There are times when we have to travel and our pups can’t come along for the trip. You might be going on an extended vacation over seas or traveling for work. It’s important to have a caretaker for your dog that you trust completely but even then, being away from our dogs can be so stressful. When I travel I still worry for my dogs even though I know I’ve taken every precaution and that my dogs in good hands. At some point you have to just trust the Universe and have a good time and that is easier to do when you know you’ve taken a few emergency precautions.
1. Talk To Your Vet
When I go out of town I always tell my vet. I call the office and make sure they have an up-to-date credit card on file and I let them know my dates of travel and that if anyone other than me brings one of my dogs in to please treat them to the best of their abilities. You may also want to discuss with your vet what kind of life saving measures you’d like to be taken in the event something horrible happens. Make sure all your dog’s prescriptions are refilled and make sure your dog sitter know who to call if they were to run out or lose a bottle somehow. I keep a big piece of paper on the wall with the name, number and address of both my vet and a local 24 hour emergency clinic. That way if for some reason you are not getting a signal on your cellphone and can’t be reached, your dog sitter will at least know where to go and who to call.
2. Emergency Kit
I live in California so I make sure my dog sitter knows where my earthquake supplies are in the event of a natural disaster. You may live in a high fire danger or flood area. If you are going to be out of town for an extended period of time your dog sitter should know what to do and where your emergency supplies are. If a huge earthquake were to hit I have 50 gallons of water and a weeks worth of canned dog food to help get us through it and my dog sitter knows where all of those supplies are stored. Let your dog sitter know where your travel carriers and crates, harnesses, leashes… anything they may need in the event of some kind of disaster.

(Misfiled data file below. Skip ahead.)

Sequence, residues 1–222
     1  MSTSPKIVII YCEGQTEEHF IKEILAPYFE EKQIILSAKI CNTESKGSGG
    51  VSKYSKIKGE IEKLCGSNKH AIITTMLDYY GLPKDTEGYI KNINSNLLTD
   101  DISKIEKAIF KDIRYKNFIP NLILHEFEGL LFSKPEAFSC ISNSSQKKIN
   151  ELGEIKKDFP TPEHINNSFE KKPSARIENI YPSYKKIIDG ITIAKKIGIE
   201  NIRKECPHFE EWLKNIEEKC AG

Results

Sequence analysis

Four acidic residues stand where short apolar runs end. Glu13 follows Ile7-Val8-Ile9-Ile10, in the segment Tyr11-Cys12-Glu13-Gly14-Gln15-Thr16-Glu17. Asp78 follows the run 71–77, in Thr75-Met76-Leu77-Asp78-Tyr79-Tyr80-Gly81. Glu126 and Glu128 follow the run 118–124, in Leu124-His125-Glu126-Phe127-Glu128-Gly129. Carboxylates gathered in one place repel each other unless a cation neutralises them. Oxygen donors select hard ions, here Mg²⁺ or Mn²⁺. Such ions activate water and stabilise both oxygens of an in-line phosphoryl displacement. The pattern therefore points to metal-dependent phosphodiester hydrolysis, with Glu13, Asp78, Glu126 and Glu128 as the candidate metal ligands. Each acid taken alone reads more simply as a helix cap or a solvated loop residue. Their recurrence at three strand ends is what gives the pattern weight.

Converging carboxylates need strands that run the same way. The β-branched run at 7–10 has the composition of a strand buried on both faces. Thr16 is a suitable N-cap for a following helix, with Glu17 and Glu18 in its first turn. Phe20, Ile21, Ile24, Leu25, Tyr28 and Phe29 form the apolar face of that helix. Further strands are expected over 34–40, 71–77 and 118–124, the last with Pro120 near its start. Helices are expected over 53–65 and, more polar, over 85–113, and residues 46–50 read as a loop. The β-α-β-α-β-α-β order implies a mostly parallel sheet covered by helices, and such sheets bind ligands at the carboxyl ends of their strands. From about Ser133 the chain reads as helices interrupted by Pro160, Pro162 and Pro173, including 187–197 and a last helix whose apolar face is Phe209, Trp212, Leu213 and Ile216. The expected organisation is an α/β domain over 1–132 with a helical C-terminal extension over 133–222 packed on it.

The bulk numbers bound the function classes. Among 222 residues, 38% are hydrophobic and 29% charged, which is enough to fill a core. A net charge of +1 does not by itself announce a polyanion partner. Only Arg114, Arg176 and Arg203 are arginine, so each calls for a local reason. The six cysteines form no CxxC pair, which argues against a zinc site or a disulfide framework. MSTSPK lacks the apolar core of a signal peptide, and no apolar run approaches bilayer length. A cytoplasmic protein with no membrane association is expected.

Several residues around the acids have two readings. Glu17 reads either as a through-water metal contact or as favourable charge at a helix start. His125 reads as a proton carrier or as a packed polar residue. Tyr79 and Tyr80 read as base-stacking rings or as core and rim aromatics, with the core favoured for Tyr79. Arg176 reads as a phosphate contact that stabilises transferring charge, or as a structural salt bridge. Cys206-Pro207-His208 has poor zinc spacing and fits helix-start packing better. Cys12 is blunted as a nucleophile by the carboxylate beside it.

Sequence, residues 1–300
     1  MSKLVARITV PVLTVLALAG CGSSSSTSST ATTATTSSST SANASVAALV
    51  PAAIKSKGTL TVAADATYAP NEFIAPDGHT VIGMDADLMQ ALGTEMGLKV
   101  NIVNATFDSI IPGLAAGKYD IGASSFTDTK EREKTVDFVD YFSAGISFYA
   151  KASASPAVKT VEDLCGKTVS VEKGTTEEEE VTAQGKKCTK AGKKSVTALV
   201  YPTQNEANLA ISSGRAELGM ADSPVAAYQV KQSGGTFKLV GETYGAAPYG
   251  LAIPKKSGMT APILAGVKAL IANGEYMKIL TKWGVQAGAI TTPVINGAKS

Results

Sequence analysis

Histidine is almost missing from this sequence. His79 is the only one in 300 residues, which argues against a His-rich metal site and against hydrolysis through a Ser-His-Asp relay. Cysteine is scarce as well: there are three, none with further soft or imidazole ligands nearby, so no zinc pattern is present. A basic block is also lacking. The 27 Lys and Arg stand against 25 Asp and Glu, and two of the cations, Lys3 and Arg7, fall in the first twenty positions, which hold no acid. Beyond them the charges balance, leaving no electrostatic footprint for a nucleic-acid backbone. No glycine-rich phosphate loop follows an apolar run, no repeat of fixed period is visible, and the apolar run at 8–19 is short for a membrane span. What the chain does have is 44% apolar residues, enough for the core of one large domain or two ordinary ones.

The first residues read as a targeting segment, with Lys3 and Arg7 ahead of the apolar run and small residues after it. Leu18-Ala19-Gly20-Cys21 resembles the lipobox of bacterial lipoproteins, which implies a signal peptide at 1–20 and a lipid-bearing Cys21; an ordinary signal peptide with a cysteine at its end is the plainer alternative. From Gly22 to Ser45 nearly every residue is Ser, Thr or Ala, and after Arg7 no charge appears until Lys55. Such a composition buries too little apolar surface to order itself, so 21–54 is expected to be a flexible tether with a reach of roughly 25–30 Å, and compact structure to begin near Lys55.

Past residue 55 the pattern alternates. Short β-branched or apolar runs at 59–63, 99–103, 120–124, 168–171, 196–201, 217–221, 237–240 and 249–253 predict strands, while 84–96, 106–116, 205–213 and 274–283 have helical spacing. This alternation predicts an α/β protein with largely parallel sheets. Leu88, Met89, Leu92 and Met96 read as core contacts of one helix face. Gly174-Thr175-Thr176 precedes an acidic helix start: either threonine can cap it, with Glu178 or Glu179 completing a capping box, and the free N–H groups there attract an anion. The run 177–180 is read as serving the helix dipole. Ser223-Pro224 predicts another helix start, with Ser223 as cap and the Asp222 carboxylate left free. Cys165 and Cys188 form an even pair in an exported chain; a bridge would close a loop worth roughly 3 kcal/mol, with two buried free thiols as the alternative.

3. Have A Backup Dog Sitter On Call
When I go out of town for any extended period of time I make sure my dog sitter has the names and phone numbers of at least two friends who are willing to pinch hit in the event of an emergency. What if your dog sitter gets the flu and needs someone to take her or him to the emergency room? What if they break an arm? What if one of your beloved dogs gets lost. You’re going to want your dog sitter to have backup contacts they can reach out to if you are out of town or off the grid. Make sure your dog sitter has the names and phone numbers of these emergency contacts and that the contacts have the name and phone number of your dog sitter so they can reach out as well.
4. Have A Backup Key Hidden Somewhere
Sometimes things happen and your dog sitter could get locked out or lose their copy of your house key, that’s why it’s so important that you leave a spare key with one of your emergency contacts or a neighbor. It’s a good idea to make sure that each of your emergency contacts has a key to your house in the event that your dog sitter can’t be reached and they need to check on your dogs for any reason. Obviously you only want to give a copy of your house key to someone you trust completely, but if you are unreachable or far away, it’s important that your dog sitter have a back up key somewhere.
5. Leave Extra Food
If you’re going away for an extended period of time always be sure to have more food than you need. You may think you are going to be away for a two weeks but a storm or natural disaster could extend your trip by days or even a week. If you are away from home always make sure that your dog sitter has a back up food supply. Your dog sitter should always have enough food to feed your dogs if for some reason your return is delayed. If you are a raw feeder, consider that a storm or natural disaster could cause a blackout. What happens if your home and freezer have no power for days or a week? You may want to have a back up plan with your dog sitter in the event something like this (heaven forbid) actually happens. I don’t feed my dogs canned food but I do keep a case in the cupboard in the event that there is some kind of unimaginable natural disaster, emergency or power outage.
6. Leave Your Dog Sitter Some Spending Cash
I always put an extra $100 in an envelope as emergency money. You just never know. What if a leash or collar malfunctions? What if a dog bowl breaks? There are a million little things that could go wrong while you are away and you’ll feel good knowing that you’ve covered all your bases. Even the small bases.
Do you have any advanced level rock star dog parenting tricks or precautions for when you travel? I sure would like to hear them. I have a big trip planed and anything I can do to make me feel more prepared will help me relax.